Retired Ogdensburg police officer pleads guilty to sexually exploiting child; sentencing set for April 2018
OGDENSBURG — A retired Ogdensburg police officer pleaded guilty Tuesday to sexually exploiting a child, according to Acting United States Attorney Grant C. Jaquith.
Harry McCarthy, 57, Ogdensburg, admitted that in 2013 and 2014, he used a child to engage in sexually explicit conduct for the purpose of producing images of that conduct. At the time of his crime, McCarthy was an officer at the Ogdensburg Police Department.Sentencing is scheduled for April 18, 2018 in Syracuse before Chief United States District Judge Glenn T. Suddaby. McCarthy pled guilty as part of an agreement that, if accepted by Suddaby, would require him to serve 15 years in prison, to be followed by a lifetime term of supervised release. McCarthy would also be required to register as a sex offender.
McCarthy’s original arrest in 2016 was the result of an investigation conducted by the New York State Police Computer Crimes Unit and Troop B, in cooperation with the City of Ogdensburg Police Department.
Court documents say the image was uploaded using the Google Gmail service. Google apparently notified the National Center for Missing & Exploited Children of the child porn image and the addresses that were used to access the email account.
An order of protection was also issued for McCarthy's girlfriend and her children, which he allegedly violated later.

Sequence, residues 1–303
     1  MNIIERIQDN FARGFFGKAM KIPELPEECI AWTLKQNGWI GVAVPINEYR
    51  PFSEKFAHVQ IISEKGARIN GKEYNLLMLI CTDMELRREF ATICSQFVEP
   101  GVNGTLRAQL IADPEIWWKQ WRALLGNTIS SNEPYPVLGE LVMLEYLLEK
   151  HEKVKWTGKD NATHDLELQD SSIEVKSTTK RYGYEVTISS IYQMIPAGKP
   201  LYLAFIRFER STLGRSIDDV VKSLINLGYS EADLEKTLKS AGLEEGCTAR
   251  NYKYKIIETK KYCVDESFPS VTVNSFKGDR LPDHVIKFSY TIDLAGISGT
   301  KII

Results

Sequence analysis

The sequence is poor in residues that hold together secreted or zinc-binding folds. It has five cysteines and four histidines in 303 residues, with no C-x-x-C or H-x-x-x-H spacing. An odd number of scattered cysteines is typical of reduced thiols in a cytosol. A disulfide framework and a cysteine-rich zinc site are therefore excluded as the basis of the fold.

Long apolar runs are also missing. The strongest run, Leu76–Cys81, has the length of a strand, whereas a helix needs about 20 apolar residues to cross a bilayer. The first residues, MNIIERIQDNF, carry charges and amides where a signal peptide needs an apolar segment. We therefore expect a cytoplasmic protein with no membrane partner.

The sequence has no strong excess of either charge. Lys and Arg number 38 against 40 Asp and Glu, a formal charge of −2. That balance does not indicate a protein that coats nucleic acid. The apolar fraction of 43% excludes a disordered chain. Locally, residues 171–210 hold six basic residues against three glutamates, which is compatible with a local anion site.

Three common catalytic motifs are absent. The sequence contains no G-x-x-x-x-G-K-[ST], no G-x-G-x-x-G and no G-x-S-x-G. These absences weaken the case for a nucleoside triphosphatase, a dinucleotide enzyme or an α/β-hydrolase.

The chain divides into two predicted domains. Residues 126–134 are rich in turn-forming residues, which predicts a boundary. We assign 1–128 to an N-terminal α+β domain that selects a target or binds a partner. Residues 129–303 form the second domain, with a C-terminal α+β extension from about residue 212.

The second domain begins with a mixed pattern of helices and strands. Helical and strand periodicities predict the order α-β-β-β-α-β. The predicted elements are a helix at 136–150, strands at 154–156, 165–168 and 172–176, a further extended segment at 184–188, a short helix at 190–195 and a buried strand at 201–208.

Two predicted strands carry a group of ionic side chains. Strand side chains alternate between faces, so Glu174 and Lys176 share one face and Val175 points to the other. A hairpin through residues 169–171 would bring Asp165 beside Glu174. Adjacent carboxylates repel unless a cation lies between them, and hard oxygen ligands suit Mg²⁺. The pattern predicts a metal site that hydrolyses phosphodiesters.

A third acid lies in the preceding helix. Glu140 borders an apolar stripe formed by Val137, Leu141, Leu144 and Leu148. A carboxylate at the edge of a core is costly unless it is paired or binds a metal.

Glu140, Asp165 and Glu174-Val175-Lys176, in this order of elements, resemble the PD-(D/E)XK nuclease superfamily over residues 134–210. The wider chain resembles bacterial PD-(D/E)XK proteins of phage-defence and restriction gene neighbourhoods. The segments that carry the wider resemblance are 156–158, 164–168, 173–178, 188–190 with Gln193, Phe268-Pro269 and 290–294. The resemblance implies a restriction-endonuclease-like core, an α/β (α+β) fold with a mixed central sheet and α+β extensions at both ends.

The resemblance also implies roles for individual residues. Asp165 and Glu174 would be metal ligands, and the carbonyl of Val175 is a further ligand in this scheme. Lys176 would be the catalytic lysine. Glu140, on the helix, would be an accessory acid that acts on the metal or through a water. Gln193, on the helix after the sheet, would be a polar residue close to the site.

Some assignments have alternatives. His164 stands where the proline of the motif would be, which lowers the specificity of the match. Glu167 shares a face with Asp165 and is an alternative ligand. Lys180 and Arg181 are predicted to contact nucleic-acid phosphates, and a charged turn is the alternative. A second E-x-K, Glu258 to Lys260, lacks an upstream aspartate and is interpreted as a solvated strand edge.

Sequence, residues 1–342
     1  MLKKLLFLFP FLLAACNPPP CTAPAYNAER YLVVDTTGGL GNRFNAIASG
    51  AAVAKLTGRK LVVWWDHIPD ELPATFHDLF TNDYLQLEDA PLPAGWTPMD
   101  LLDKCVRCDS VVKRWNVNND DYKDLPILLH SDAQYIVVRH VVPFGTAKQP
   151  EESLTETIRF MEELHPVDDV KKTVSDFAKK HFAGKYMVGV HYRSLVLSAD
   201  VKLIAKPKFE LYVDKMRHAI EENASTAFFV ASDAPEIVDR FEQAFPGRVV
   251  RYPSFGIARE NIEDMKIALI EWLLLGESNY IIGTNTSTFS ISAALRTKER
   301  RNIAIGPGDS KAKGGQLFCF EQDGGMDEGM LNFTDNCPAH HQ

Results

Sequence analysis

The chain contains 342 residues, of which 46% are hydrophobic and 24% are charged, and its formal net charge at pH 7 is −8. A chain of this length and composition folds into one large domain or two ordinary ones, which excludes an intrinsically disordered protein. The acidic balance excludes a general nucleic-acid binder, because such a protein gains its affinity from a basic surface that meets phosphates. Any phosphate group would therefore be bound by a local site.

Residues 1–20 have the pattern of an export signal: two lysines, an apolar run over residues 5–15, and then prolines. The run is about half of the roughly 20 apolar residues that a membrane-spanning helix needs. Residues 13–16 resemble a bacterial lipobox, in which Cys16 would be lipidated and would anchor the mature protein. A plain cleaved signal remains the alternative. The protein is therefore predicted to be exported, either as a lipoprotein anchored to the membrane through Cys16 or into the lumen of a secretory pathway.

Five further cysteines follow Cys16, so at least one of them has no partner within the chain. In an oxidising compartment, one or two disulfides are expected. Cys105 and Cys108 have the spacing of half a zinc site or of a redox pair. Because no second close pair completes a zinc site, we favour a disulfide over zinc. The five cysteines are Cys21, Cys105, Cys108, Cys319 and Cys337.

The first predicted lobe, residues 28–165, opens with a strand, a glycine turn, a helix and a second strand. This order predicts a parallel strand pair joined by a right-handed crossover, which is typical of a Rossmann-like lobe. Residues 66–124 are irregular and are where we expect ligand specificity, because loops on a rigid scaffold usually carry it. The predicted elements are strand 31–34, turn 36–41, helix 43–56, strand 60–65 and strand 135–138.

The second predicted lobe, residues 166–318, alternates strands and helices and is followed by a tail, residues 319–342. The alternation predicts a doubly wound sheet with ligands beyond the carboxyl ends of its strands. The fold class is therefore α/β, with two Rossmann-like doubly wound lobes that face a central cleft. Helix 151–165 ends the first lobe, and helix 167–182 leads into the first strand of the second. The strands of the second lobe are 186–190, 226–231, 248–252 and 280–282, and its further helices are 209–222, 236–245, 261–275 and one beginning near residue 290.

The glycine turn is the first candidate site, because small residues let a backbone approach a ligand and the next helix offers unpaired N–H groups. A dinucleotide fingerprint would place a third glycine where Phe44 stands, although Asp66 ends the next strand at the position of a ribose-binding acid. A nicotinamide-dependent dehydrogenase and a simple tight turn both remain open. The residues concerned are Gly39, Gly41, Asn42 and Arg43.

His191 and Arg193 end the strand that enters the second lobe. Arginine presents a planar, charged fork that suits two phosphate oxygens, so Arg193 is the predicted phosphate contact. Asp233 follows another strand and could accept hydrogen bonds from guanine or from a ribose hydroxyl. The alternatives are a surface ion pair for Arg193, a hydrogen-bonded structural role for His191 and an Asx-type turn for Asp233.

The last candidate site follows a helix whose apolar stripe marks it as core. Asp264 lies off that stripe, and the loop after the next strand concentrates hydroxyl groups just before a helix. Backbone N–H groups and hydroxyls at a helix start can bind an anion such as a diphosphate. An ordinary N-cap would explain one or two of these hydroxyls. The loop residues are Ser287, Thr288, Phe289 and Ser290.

McCarthy also retired from the Ogdensburg Police Department during his time in custody. His annual salary was $73,111 not including benefits, and a felony conviction would not impact his pension, according to Ogdensburg’s City Manager Sarah Purdy.
This case was investigated by the FBI and the New York State Police, and is being prosecuted by Assistant U.S. Attorneys Katherine Kopita and Geoffrey Brown.
This case was prosecuted as part of Project Safe Childhood. Launched in May 2006 by the Department of Justice, Project Safe Childhood is led by United States Attorneys’ Offices and the Criminal Division’s Child Exploitation and Obscenity Section (CEOS). Project Safe Childhood marshals federal, state and local resources to better locate, apprehend and prosecute individuals who exploit children via the Internet, as well as to identify and rescue victims.
For more information about Project Safe Childhood, please visit https://www.justice.gov/psc.